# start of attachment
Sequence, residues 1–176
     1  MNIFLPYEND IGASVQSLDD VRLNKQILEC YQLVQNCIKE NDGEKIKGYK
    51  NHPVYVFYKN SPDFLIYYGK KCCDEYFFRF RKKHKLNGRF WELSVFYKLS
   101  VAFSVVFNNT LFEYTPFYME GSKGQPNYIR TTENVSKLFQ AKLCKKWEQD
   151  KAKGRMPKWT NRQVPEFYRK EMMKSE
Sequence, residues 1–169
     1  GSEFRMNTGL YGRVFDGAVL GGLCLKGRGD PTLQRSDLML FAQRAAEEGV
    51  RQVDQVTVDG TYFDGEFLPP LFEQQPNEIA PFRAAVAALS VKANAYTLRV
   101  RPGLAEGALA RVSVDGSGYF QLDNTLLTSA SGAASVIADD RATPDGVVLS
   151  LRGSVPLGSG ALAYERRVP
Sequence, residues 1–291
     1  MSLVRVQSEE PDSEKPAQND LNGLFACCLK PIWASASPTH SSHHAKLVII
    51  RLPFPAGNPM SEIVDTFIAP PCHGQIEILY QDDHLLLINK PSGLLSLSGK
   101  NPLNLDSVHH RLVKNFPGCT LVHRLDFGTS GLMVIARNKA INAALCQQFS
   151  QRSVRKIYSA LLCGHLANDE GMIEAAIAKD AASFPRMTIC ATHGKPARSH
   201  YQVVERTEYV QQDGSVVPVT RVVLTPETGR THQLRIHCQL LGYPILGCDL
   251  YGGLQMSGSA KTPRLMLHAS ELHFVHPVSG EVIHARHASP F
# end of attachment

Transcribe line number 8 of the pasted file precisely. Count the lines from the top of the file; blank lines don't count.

    51  RQVDQVTVDG TYFDGEFLPP LFEQQPNEIA PFRAAVAALS VKANAYTLRV